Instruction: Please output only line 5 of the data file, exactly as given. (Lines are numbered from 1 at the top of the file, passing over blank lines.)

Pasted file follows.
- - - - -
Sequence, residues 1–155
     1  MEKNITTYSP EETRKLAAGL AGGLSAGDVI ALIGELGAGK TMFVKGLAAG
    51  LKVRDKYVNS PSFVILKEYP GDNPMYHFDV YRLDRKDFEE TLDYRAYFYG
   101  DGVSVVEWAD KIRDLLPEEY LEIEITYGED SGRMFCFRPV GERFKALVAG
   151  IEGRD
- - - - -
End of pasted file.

   151  IEGRD